We checked in a guesthouse somewhere in Vientiane downtown. Not too fanciful but it was clean with secured parking for the bikes. That was done around 3pm local time and thereafter off I left for some sightseeing in Vientiane whilst the rest of the group headed to the local mosque for their visit. The fare for local tut-tut was ridiculously expensive...every stop costs about USD6 irrespective of the distances...some was merely 2-3km away. After visiting 3 spots on my own, the fare came up to USD24....3 X 6 plus another USD6 for coming to the guesthouse. Total distance travelled not more than 12km.

    These are the few pictures I took of Vientiane city centre -

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    By gsa5555 at 2012-01-02
    My favorite place - Ho Prakeo Temple. Most must know the history of this temple. Too bad camera was strictly prohibited inside the temple. It houses some most fascinating ancient artefacts. A must visit.

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    By GSA5555 at 2012-01-02
    The entrance stairways.

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    By gsa5555 at 2012-01-02
    The main doors.

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    By gsa5555 at 2012-01-02
    Left hand side of the Temple - fascinating work of art.

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    By gsa5555 at 2012-01-02
    Right hand side of the temple.

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    By gsa5555 at 2012-01-02
    That Luang.

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    By gsa5555 at 2012-01-02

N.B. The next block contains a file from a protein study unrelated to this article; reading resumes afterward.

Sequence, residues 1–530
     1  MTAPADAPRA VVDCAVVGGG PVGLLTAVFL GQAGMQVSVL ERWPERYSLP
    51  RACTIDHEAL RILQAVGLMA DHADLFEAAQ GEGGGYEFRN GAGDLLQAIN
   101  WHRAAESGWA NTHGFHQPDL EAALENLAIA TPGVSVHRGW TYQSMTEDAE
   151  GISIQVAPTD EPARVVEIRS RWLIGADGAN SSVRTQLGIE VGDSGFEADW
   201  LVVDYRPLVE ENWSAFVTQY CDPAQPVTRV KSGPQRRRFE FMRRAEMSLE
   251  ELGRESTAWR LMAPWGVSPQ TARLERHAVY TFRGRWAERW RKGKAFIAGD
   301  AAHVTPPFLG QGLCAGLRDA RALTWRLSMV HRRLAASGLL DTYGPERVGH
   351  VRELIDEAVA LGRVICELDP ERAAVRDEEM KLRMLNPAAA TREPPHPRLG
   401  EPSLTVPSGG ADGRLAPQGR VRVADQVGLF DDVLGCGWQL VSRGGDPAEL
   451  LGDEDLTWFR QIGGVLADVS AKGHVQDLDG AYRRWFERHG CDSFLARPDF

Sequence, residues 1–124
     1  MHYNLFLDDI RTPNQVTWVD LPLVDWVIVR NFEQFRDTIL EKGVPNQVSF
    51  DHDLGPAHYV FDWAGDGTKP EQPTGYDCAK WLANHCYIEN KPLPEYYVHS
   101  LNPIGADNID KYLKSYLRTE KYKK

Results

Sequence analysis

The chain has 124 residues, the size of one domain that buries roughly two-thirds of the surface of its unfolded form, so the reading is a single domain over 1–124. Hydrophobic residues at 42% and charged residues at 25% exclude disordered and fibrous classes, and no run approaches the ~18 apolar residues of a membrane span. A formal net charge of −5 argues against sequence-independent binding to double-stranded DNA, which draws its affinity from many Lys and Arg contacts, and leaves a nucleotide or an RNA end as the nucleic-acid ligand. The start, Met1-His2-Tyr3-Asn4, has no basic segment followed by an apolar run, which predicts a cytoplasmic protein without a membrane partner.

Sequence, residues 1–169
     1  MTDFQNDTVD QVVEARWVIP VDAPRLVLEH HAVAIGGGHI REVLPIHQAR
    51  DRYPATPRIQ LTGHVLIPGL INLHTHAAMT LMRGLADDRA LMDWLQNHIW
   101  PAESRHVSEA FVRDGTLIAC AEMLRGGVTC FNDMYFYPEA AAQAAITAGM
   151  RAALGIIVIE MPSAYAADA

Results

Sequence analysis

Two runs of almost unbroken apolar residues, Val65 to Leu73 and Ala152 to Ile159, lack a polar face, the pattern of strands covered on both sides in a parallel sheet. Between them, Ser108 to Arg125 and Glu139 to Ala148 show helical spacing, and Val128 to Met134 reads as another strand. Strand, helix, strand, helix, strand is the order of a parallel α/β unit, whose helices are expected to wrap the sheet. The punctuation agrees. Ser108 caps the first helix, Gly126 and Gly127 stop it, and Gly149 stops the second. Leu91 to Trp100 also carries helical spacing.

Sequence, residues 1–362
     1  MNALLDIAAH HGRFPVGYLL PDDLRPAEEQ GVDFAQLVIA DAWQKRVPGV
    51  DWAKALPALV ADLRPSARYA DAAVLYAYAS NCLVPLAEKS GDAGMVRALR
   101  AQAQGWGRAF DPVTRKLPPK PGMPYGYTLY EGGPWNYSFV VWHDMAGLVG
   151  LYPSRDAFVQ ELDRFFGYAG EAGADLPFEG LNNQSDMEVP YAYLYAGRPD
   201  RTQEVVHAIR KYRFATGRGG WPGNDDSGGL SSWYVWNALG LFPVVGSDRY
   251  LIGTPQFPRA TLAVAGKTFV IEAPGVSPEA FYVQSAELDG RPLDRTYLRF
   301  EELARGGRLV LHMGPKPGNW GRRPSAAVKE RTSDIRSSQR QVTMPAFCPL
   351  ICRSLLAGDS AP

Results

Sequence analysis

Patuxay.

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    By gsa5555 at 2012-01-02
    The ceiling inscription inside Patuxay.

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    By gsa5555 at 2012-01-02
    And my meal for the day....some chicken broth with starchy transparent looking noodles....It took quite an effort to get this order done. Compared to Thai cuisine....it left so much more to be desired. But beggar cant be chooser and I was tired...so I took the easy way out.
     
  11. GSForLife

    GSForLife Ol'Timer

    Yes, we crossed the friendship bridge on motorcycles - 3 bikes in total. There were reports in the past saying that for malaysia registered motorcycles, one can pass through without any obstacles but I know of some who got stucked for hours trying to get in. As that is Laos, nothing is too certain and at times it can be by the ear thing depending on who you met that day at the immigration counters. So I took the liberty to apply in advance for a "permit" in Kuala Lumpur Lao Embassy to cross the bridge. That piece of letter worked like a miracle with a cost of RM90 (900 baht) for the whole group.
     
  12. rob7711

    rob7711 Ol'Timer

    You have just finalized my next ride GSForLife! Now that I know it can be done I will start drawing up plans for this ride. Excellent pictures you shot here. Keep it coming as I am intriqued.
     
  13. Rod Page

    Rod Page Ol'Timer

    An absolute gem of a report. Truly excellent photography. Reports such as these add great enjoyment to so many of those following the site.